See also  orange romulan seeds

In 2017 Virginia lawmakers unanimously approved a medical program — only for epilepsy patients, only for cannabis oil. A study by the Joint Legislative Audit and Review Commission followed, outlining options Virginia could pursue for legalization and the creation of a regulated marketplace.

When Democrats won control of the legislature in 2019 — with Gov. Ralph Northam, a legalization proponent, in office — action on those proposals seemed inevitable. Lawmakers approved a bill in 2021 that allowed for home cultivation, individual possession and home use but delayed legal, regulated sales until 2024.

Negotiations broke down over how to stand up a regulatory authority, handle some of the criminal components, such as record expungement, and social equity measures to ensure communities hit hardest by drug enforcement could share the benefits of legalization.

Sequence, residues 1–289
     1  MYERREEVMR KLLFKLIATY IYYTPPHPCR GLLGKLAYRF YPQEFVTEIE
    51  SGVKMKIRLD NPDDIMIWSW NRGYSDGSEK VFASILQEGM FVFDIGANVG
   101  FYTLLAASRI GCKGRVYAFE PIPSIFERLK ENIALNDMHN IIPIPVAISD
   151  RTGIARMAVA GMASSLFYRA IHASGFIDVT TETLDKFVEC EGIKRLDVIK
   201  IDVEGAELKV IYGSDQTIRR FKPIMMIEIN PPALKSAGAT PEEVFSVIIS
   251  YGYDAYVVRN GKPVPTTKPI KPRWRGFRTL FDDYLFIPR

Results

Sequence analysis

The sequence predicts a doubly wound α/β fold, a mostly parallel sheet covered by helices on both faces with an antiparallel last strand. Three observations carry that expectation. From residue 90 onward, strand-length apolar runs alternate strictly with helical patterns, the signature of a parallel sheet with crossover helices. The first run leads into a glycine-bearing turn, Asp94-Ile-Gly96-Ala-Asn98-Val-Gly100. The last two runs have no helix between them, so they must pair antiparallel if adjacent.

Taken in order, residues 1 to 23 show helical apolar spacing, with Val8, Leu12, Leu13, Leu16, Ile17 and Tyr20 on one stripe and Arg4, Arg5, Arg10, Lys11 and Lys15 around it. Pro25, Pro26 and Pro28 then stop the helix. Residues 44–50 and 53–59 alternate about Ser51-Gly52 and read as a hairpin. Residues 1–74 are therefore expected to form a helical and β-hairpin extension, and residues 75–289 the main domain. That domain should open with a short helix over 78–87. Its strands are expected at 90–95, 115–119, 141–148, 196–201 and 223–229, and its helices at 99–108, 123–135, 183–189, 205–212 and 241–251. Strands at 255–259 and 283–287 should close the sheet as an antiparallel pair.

Inaction on these items left the commonwealth in limbo, where it remains. Republicans took control of the House last year and some in the newly minted majority pledged to see creation of a legal market accelerated, to begin this year.

Instead, the House did nothing. It passed no bills of its own and said it would wait to see what the Democratic Senate did. A bill to begin legal sales in September passed the upper chamber, with bipartisan support, but died in the House on Monday.

House Speaker Todd Gilbert blamed Democrats for his chamber’s failure, tweeting, “Virginia Democrats made a great big mess when they legalized marijuana without putting any regulatory or retail structure in place. We are left having to clean up their mess and we will not make it worse by rushing to fix it.”

Virginia does not have to invent the wheel here. Other states have shown how to establish successful legal markets and collect hundreds of millions in tax revenue. And the JLARC study illuminates a path forward for the commonwealth.